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Late Night War Report: NBC Won’t Dump Leno Before His Contract Expires
The savage late night wars that have decimated careers and left several rich white men without television programs have taken another victim: Jay Leno. Leno, who is the commander of the Tonight Show, recently lost significant ground to his former ally Jimmy Fallon. In March, Fallon was named as Leno’s successor on the tonight show when Leno’s contract ends in fall 2014. Industry insiders speculated that network brass would can Leno much earlier than that, but TMZ reported that penalties built into Leno’s current contract make an early dismissal prohibitively expensive.
For those not paying attention, September 2014 will mark the second time in four years that Jay Leno steps down from his hosting role on the network’s top rated late night talk show. Leno has hosted the show since he swindled it away from David Letterman in 1992. Letterman was thought to be the successor to beloved Tonight Show host Johnny Carson, until Leno hoodwinked network executives into giving him the job, leaving Letterman without a show on NBC and the most significant casualty of Late Night War I.
After almost twenty years of peace, Late Night War II erupted in 2010, when NBC announced that Jay Leno would be stepping down from the tonight show in order to be replaced by Conan O’Brien, then the host of Late Nite. Leno reluctantly abdicated his role, clearing the way for Conan, but not before scorching the earth with a new 10 o’clock talk show, the Jay Leno Show. Leno’s new show crashed and burned so fast and bright that NBC had little choice but to restore him as the host of the Tonight Show a little more than six months after he left. O’Brien, now without a show on NBC, was the most significant casualty of LNWII.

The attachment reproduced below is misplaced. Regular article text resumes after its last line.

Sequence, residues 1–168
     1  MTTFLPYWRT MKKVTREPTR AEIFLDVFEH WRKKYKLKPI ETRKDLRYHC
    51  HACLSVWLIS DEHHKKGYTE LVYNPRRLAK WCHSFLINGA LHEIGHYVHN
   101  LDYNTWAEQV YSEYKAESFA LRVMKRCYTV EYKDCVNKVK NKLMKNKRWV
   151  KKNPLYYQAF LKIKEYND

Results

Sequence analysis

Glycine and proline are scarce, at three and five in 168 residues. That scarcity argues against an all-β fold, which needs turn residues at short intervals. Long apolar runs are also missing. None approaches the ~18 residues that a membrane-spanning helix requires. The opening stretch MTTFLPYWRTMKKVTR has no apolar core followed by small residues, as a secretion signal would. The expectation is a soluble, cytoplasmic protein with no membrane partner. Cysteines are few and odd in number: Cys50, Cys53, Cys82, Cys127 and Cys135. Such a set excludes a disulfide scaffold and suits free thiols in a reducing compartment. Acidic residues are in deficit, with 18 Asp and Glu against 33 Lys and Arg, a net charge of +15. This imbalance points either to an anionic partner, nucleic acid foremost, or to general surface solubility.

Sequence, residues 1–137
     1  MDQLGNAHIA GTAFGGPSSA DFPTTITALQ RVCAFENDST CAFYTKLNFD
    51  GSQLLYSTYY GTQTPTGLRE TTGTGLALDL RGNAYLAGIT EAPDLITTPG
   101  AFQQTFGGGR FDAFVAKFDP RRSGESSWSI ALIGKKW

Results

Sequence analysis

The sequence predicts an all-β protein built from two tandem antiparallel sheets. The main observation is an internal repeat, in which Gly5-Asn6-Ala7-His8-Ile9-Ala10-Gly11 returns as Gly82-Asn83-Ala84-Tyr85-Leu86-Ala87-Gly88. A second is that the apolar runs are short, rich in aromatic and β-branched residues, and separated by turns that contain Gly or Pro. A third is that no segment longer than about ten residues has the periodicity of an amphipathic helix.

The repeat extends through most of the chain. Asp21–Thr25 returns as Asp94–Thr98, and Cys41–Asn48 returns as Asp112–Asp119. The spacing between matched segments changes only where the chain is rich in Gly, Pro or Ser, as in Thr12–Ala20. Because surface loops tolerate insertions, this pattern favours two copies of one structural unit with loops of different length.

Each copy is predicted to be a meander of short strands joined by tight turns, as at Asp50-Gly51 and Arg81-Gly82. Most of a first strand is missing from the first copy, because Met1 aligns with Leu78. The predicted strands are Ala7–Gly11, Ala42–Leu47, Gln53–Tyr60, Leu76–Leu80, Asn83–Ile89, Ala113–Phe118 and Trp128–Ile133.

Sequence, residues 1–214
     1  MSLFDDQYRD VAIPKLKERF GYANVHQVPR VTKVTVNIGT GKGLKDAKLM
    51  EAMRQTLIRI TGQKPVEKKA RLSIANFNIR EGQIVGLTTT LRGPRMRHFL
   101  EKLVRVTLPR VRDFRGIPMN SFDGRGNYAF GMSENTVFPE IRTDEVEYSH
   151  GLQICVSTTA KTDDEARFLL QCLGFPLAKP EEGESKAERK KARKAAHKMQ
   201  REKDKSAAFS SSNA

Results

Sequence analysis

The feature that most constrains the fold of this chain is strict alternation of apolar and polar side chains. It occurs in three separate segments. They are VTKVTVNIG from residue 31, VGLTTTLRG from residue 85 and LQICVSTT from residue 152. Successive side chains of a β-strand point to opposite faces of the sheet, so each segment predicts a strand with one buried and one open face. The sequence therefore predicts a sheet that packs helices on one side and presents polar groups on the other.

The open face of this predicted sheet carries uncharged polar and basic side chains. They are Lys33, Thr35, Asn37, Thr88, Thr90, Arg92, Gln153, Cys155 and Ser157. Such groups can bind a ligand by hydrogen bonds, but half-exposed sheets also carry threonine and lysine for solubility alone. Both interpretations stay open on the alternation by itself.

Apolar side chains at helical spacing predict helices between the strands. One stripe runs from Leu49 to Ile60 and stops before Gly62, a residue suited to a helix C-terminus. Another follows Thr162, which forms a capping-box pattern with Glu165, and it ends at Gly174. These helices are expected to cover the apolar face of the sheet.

And now, just as the world is recovering from LNWII, we find ourselves in the midst of Late Night War III. While the bloodshed has been kept to a minimum so far, it’s still in the early stages and the armies are still amassing.
Leno’s current contract ends in September of 2014, the beginning of the new television season. NBC is struggling to compete with Jimmy Kimmel’s late night show on ABC, which attracts a younger viewing audience than Leno and was recently moved to the same time slot. NBC thinks Fallon is the man to free those that have been captured by Kimmel, and are pushing Leno out when his contract expires.
Television scholars and insiders have speculated that NBC was planning to force Leno out before his contract expired, with many sources saying that action would occur on the front of the 2014 Winter Olympics. Late Night War journalists TMZ, who bravely covered the second late night conflict from the front lines, have confirmed that Leno’s current contract is ironclad. Still, this all remains speculation, as NBC continues to deny the existence of the rumored plans. Fallon addressed the rumors in his own monologue earlier this week, saying that he would be helping turn the Tonight Show into a televised diving competition.
And so, as always, the war for late night ratings supremacy marches on. Will Leno willingly surrender the Tonight Show, which he has successfully defended through two separate hostilities, or will he succumb to the youngish smarm and swagger of Fallon? Only time will tell!